Police, fire, EMS units ready to spring into action if swatting incidents escalated

Published: Sep. 21, 2022 at 10:38 PM CDT
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ROCHESTER, Minn. (KTTC) – Communities across Minnesota and the nation breathing a collective sigh of relief Wednesday, after swatting calls led to lockdowns at several schools. With one of these incidents taking place at Lourdes High School in Rochester, Olmsted County Sheriff Kevin Torgerson says many departments were ready to spring into action.

“Almost instantaneously,” Torgerson said. “As soon as it came across the radio that there was an active shooter at Lourdes High School, I was up grabbing my radio, going to talk to other command staff.”

Torgerson says the departments presiding over Rochester refer to their procedure in mass casualty events as “3-Echo.”

“The 3 E’s being Entry, Evaluate, and Evacuate,” Torgerson said. “When it comes to one of these types of events, having everybody on the same page, understanding what needs to be done, how we’re going to respond, is so important.”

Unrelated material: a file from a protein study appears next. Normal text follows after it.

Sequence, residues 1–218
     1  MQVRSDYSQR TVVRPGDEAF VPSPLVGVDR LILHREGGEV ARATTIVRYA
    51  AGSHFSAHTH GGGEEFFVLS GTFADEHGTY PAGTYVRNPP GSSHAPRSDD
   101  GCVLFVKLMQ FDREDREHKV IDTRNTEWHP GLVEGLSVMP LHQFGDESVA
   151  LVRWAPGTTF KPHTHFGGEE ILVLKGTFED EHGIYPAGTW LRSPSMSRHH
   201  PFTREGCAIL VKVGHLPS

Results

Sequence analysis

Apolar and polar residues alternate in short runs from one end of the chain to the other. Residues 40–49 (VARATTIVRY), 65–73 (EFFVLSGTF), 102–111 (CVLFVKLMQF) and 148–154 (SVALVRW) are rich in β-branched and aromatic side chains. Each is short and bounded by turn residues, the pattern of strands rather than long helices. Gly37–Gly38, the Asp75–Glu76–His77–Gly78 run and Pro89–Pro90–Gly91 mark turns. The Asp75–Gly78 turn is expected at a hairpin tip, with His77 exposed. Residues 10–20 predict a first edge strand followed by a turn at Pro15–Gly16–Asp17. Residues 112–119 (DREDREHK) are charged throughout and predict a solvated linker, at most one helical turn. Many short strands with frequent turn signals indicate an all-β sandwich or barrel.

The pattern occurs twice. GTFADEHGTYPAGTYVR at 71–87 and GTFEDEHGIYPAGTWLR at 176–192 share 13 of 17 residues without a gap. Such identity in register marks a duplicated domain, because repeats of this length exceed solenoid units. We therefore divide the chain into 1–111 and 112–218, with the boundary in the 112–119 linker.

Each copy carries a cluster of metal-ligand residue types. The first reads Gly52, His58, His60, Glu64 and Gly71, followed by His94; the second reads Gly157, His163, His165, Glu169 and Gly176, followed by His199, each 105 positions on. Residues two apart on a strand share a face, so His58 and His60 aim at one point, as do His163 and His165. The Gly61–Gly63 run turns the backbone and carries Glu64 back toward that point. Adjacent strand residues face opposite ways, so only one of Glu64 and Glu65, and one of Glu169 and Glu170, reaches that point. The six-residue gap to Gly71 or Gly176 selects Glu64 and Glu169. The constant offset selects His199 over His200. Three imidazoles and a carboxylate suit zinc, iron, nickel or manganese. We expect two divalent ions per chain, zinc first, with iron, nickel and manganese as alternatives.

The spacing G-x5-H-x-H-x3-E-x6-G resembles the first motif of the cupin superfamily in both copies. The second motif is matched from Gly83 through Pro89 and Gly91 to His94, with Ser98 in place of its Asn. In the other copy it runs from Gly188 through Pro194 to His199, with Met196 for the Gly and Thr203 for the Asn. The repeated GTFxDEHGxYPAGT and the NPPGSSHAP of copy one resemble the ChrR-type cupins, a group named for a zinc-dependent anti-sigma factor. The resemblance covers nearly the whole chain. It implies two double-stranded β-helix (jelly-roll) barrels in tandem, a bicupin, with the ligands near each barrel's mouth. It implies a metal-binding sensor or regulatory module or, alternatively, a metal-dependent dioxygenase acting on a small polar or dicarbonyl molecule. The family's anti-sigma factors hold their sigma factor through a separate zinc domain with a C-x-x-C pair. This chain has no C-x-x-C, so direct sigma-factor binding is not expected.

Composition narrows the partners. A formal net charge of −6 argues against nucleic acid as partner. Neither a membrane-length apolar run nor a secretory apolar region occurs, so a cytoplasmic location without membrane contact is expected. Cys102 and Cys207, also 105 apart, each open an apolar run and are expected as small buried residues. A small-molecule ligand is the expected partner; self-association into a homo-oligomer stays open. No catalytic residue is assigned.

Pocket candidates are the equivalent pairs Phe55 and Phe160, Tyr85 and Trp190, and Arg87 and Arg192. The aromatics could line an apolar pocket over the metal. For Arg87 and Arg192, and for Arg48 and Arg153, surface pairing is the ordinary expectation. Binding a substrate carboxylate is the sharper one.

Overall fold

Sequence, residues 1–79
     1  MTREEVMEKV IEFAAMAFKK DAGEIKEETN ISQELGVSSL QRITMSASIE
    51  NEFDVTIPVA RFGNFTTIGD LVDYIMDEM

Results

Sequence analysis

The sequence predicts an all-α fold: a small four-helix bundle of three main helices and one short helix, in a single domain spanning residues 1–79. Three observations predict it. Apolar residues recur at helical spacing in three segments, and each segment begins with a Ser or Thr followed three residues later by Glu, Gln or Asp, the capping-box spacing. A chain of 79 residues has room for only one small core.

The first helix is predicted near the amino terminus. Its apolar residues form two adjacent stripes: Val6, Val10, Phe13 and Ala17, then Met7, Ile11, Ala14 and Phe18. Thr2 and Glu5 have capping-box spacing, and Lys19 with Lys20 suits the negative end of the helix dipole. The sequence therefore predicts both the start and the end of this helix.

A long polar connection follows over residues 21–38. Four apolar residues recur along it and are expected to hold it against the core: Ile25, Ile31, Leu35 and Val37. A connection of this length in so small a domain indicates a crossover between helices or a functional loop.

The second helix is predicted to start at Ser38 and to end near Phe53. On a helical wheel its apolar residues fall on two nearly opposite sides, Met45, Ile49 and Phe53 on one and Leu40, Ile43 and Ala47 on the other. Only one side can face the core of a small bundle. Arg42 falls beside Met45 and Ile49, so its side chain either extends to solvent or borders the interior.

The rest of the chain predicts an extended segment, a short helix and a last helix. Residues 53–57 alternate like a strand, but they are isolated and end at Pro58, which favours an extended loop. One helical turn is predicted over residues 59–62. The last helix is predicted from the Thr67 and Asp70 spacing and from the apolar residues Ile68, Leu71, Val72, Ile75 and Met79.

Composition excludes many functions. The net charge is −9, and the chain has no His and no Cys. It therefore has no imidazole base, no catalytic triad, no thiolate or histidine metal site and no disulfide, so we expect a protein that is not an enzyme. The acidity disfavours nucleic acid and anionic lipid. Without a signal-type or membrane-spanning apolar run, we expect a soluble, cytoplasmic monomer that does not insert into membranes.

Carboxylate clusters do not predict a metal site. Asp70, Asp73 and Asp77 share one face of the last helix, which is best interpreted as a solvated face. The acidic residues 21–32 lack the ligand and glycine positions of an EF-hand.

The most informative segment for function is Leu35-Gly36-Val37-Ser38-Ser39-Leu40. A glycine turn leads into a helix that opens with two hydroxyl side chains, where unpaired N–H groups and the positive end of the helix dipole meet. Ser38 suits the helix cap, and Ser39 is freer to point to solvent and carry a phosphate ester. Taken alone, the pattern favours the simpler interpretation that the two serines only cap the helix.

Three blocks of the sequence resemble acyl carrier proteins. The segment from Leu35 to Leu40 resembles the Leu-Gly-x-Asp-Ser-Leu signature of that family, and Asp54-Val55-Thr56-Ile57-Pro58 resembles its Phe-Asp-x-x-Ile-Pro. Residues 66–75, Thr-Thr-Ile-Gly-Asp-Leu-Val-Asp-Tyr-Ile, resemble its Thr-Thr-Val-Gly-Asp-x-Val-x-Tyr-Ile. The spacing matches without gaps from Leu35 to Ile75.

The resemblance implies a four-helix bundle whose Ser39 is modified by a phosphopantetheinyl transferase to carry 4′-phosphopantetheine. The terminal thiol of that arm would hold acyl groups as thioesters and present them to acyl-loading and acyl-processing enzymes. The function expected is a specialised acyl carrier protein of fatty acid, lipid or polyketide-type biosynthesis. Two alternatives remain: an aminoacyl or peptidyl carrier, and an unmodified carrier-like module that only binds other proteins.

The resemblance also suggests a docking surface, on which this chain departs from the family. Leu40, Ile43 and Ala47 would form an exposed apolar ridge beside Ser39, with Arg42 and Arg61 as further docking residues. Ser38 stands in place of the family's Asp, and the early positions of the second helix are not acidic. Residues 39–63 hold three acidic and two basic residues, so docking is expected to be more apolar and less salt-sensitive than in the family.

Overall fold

This procedure includes Rochester Police Department, Rochester Fire Department, and Mayo Clinic Ambulance along with the Olmsted County Sheriff’s Office. Public safety departments in neighboring counties have also teamed up in these trainings.

“If this were to happen in our district, we’d know who we’re working with,” said Kenyon-Wanamingo School District Superintendent Bryan Boysen.

In August, Kenyon-Wanamingo high school was the spot for a mass casualty training. Police, fire, and EMS units from all over Goodhue county all joined in and worked together. In the wake of Wednesday’s swatting incidents, Boysen says the training a month ago at his school was crucial in getting law enforcement and the district on the same page.

“Even though our district wasn’t directly involved with these fake calls, we were indirectly involved because of what we do,” Boysen said. “If I had not had that training back in August, I would be probably more worked up.”